Asian woman drinking coffee and straining to hear the birds outside.

The human body has some fantastic and remarkable abilities. The human body typically has no difficulty repairing cuts, scrapes, or broken bones (I mean, sure, it takes a while, but your body can literally mend the huge bones in your legs and arms with little more than a splint and some time).

But you won’t be so fortunate if the delicate hairs in your ears are compromised. At least, so far.

It’s truly regrettable that your body can pull off such amazing feats of healing but can’t restore these tiny hairs. So what’s the deal?

When is Hearing Impairment Permanent?

So let’s have a closer look. You’re sitting in your doctor’s office and you’re absorbing the news: you’re losing your hearing. So the first question you have is whether the hearing will ever come back. And he tells you that it might or it might not.

Dramatically speaking, it’s a little anticlimactic.

But he’s not wrong. Hearing loss comes in two basic forms:

  • Hearing loss caused by damage: But there’s another, more prevalent type of hearing loss. Known scientifically as sensorineural hearing loss, this form of hearing loss is effectively permanent. This is how it works: there are tiny hairs in your ear that vibrate when struck by moving air (sound waves). When vibrations are transformed into signals, they are transmitted to the brain which makes them into the sounds you perceive. But over time, loud sounds can cause these hairs to be damaged to the point where treatment is necessary.
  • Hearing impairment caused by a blockage: You can exhibit every indicator of hearing loss when your ear has some type of blockage. This blockage can be caused by a number of things, from the gross (ear wax) to the downright scary (tumors). Fortunately, once the blockage is cleared, your hearing often goes back to normal.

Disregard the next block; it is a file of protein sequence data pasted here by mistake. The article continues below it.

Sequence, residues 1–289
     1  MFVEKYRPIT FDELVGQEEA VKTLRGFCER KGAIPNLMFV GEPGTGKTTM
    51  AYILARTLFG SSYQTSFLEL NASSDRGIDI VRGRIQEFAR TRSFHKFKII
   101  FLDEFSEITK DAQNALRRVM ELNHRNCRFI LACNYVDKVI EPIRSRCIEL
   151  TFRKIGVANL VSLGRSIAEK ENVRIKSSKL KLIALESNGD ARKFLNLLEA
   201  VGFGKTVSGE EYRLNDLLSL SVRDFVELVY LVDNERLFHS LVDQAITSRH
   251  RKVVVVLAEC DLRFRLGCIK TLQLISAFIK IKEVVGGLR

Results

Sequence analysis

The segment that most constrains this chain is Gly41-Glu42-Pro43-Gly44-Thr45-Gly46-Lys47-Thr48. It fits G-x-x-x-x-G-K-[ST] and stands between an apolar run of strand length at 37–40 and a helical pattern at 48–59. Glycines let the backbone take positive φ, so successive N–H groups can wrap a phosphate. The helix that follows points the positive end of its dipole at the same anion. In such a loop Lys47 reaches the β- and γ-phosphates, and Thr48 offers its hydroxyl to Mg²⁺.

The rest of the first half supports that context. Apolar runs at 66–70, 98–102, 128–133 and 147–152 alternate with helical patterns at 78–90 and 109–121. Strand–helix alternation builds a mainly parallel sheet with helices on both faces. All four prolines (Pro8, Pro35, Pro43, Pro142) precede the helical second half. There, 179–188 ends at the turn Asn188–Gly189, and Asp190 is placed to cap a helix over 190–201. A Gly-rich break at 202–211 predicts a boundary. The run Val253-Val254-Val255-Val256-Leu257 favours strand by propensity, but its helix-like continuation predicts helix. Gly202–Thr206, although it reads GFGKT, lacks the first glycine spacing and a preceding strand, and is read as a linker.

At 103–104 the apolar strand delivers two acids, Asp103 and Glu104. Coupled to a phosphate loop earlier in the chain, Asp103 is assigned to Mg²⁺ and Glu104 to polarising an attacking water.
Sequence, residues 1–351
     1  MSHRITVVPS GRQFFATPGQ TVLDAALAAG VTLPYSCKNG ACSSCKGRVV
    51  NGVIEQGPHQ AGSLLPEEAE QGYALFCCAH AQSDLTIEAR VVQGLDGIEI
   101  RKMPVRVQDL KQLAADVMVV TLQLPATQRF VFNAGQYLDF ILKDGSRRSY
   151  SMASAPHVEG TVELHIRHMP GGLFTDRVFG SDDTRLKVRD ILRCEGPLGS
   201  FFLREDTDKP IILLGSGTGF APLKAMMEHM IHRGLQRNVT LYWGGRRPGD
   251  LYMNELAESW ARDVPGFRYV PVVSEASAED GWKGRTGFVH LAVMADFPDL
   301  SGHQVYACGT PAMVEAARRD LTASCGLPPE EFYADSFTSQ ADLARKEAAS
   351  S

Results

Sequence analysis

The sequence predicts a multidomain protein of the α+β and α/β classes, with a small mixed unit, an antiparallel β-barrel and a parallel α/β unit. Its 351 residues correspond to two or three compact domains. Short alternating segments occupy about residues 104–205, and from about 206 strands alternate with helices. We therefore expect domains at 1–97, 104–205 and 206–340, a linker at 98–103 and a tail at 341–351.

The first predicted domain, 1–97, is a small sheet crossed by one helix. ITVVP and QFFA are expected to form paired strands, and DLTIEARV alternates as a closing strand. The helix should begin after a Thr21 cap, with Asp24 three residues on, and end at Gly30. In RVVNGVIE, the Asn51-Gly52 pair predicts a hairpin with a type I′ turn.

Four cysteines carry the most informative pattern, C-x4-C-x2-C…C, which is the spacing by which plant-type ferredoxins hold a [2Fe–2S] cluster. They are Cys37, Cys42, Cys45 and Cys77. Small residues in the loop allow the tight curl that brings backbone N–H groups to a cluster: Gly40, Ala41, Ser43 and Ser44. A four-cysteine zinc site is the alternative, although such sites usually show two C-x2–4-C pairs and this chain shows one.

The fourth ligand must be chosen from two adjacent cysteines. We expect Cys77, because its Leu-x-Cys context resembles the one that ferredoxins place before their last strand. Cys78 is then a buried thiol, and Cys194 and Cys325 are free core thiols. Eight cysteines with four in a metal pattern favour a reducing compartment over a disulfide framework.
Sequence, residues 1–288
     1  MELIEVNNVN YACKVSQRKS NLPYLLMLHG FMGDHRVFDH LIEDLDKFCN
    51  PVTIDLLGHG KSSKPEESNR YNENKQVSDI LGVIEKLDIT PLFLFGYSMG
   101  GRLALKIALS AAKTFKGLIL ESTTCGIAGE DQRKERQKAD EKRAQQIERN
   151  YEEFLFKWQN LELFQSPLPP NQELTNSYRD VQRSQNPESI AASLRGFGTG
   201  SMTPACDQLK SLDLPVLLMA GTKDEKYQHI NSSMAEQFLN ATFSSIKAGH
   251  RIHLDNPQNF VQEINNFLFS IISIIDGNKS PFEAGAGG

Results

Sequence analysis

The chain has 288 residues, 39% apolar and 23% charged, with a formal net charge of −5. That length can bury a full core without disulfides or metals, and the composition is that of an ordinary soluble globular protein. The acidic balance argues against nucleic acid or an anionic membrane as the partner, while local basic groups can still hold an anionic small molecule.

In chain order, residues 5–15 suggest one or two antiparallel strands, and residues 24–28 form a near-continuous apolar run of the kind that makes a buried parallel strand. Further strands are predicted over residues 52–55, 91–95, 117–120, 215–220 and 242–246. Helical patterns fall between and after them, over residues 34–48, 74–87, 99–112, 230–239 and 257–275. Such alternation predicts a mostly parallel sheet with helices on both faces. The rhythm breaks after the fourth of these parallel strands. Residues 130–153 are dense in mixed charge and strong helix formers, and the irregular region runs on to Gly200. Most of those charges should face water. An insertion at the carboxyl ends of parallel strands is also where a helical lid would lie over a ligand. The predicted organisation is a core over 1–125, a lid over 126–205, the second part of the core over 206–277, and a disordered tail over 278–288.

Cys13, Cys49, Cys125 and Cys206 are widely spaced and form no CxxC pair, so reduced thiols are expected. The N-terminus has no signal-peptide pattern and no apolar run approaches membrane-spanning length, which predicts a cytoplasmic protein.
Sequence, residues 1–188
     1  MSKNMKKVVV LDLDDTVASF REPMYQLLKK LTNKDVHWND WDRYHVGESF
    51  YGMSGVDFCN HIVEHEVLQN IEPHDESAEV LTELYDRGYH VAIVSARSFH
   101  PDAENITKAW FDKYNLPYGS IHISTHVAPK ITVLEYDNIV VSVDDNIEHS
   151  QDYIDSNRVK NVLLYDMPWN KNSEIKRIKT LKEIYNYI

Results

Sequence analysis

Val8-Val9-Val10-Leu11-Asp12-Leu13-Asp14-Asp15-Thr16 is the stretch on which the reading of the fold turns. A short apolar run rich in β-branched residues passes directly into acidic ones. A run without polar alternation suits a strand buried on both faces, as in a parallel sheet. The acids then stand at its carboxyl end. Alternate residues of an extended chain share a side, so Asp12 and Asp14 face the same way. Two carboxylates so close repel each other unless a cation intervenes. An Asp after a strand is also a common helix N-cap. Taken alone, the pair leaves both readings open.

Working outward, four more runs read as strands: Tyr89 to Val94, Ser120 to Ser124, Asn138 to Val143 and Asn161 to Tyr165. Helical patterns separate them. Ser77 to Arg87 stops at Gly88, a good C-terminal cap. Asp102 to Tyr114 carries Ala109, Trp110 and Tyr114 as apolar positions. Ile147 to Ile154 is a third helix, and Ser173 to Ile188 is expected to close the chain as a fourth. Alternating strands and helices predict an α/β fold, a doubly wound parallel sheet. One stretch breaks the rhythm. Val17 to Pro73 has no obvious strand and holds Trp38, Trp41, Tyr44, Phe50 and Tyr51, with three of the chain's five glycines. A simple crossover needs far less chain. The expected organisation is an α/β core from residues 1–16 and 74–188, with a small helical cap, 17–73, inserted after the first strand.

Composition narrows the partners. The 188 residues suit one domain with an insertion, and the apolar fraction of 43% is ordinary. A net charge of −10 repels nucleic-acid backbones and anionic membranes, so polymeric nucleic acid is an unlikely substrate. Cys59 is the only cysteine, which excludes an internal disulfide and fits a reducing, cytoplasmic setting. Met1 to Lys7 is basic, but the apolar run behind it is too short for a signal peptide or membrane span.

So here’s the main point: you can recover from one type of hearing loss and you most likely won’t know which one you’re coping with without getting a hearing test.

Treating Hearing Loss

So presently there’s no “cure” for sensorineural hearing loss (although scientists are working on it). But that’s not to say you can’t get treatment for your hearing loss. In fact, getting the proper treatment for your hearing loss may help you:

  • Help ward off cognitive decline.
  • Maintain and safeguard the hearing you still have.
  • Stay active socially, keeping isolation at bay.
  • Successfully cope with any of the symptoms of hearing loss you might be experiencing.
  • Ensure your total quality of life is unaffected or stays high.

This treatment can take many forms, and it’ll usually depend on how significant your hearing loss is. Hearing aids are one of the easiest and most prevalent treatment choices.

Why is Hearing Loss Successfully Managed With Hearing AIds?

Hearing aids can help you return to the people and things you love. They can help you hear the discussions, your phone, your tv, or even just the sounds of nature. You won’t be straining to hear so pressure will be removed from your brain.

Prevention is The Best Protection

Loud noises and other things that would harm your hearing should be avoided and your ears should be protected against them. Hearing well is critical to your overall health and well-being. Having routine hearing exams is the best way to be sure that you are protecting your hearing.

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The site information is for educational and informational purposes only and does not constitute medical advice. To receive personalized advice or treatment, schedule an appointment.